The national carrier, Swiss, and two pilots' unions have reached an agreement on job cuts crucial to the company's survival.This content was published on July 16, 2003 - 15:19
The Swiss Pilots Association has accepted the firing of 559 former Crossair pilots, while Aeropers said former Swissair staff would work part-time to avoid lay-offs.
Martin Gutknecht, a Swiss Pilots Association spokesman, told swissinfo that pilots who lose their jobs will receive between SFr85,000 and SFr140,000 in redundancy pay.
“The remaining pilots cannot be fired until the end of the general contract in October 2005,” Gutknecht said.
Gutknecht said it was up to individual pilots to either accept the offer or seek further legal action against Swiss.
“We will recommend nothing. So every single pilot has to decide,” he added.
Aeropers, the union representing former Swissair pilots, found another solution to avoid the expected 150 to 200 lay-offs. The pilots will work part-time, cutting their workload by an average of 15 per cent.
The final 150 pilots hired by Swissair will have to reduce their hours by a third.
Swiss also announced on Wednesday that it was ditching plans to set up its Swiss Express regional subsidiary as part of the deal struck with pilots' unions.
Lloyd Brown, a London-based aviation analyst with Ernst & Young, told swissinfo that the deal with the unions was “absolutely critical for Swiss”.
“Without this they couldn’t have gone on with the restructuring plan they announced, because the court of arbitration ruling would have made that impossible,” Brown said.
Last month Swiss was ordered by court in Basel to immediately reinstate 169 sacked former Crossair pilots.
The court also ruled that Swiss would have to share future redundancies equally between former Crossair and Swissair pilots.
Chief executive André Dosé warned that the decision threatened the airline’s survival and called on unions to find a compromise by July 15 – or face the cancellation of all pilots' contracts.
The deal clears a major hurdle facing the airline’s management, as the carrier battles to find around SFr500 million ($364 million) in cost savings.
Swiss is currently losing more than SFr2 million per day and is running dangerously close to becoming technically insolvent under Swiss corporate law.
Last month Dosé appointed the British bank Barclays to find investors prepared to inject SFr500 million of fresh capital to keep the company running.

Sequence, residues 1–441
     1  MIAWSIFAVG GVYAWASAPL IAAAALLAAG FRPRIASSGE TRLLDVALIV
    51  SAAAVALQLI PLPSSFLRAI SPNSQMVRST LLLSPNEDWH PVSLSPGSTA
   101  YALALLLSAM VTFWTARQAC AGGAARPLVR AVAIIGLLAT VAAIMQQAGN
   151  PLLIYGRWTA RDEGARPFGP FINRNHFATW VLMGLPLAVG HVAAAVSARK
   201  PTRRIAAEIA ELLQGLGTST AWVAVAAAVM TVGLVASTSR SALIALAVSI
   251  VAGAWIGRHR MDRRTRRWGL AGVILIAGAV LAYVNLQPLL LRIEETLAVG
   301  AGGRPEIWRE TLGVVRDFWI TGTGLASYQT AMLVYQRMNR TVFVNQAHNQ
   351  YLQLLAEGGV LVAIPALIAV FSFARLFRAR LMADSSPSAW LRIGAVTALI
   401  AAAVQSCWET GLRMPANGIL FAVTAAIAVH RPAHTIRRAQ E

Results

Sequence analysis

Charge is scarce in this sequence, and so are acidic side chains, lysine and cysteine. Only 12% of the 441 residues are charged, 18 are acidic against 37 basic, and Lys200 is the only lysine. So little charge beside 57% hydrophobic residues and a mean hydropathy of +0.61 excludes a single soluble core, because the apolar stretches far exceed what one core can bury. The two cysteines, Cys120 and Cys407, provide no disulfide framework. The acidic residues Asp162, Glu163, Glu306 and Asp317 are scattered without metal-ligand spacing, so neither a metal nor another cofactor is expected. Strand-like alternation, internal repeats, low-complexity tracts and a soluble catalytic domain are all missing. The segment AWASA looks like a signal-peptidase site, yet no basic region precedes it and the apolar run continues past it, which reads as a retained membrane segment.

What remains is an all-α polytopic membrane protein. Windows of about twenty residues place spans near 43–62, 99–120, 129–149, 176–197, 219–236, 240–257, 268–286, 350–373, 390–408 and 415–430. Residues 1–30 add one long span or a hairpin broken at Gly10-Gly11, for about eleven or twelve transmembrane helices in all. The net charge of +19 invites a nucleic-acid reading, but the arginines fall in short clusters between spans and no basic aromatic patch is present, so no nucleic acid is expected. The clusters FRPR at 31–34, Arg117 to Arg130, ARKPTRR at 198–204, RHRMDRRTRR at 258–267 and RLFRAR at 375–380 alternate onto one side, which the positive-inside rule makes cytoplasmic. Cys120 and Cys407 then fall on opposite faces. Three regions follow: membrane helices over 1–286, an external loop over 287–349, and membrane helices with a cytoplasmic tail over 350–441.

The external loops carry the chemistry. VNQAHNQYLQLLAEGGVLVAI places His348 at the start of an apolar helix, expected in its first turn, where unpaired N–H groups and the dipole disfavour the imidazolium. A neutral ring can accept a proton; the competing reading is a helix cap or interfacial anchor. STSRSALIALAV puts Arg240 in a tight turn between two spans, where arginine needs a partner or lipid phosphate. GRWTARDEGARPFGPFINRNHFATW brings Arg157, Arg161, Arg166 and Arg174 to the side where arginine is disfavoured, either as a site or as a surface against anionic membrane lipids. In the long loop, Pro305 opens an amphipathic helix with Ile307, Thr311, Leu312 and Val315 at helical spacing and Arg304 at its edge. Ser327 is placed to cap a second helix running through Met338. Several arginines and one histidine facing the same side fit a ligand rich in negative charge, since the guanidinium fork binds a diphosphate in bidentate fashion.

Last week Swiss announced plans to slash 25 per cent of its destinations this autumn - almost a month after declaring it would cut its fleet and staff by a third.
The breakthrough with the unions comes a month after Swiss said it was cutting its fleet and workforce by a third.
Brown said Swiss had been under pressure from potential airline partners to resolve the dispute.
“A lot of airlines have already said to them that if they don't get their finances and house in order they wouldn’t be interested,” he said.
He also predicted that by resolving the dispute with its pilots, Swiss was more likely to conclude deals with other unions.
“Now the pilots are on board and prepared to sign up to the restructuring plan, other unions are likely to follow.”
The long-running dispute with the two pilots' unions has been one of the biggest challenges facing the 15-month-old carrier.
Ever since Swiss was formed from the wreckage of the collapsed Swissair and the regional carrier Crossair, pilots from both former airlines have battled with management.
Swiss and the cabin crew unions, Kapers and Unia, have reached an agreement on 935 job cuts.
Both sides said on Thursday that they successfully conducted negotiations on redundancy terms, including the closure of five crew bases.
swissinfo, Jacob Greber in Zurich
Swiss has settled a long-running dispute with its pilots' unions.
The Swiss Pilots Association has accepted the sacking of 559 former Crossair pilots.
The Association will also forgo its right to insist on a recent court ruling forcing Swiss to reinstate some of the sacked pilots.
In return, sacked captains will receive a one-off payment of SFr140,000. Co-pilots will receive SFr85,000. Foreign pilots will get SFr50,000.
The redundancies are expected to cost Swiss up to SFr60 million.
Former Swissair pilots, represented by Aeropers, will cut their worktime by 15 per cent on average, leiminating the need for 150 to 200 lay-offs.
This article was automatically imported from our old content management system. If you see any display errors, please let us know: firstname.lastname@example.org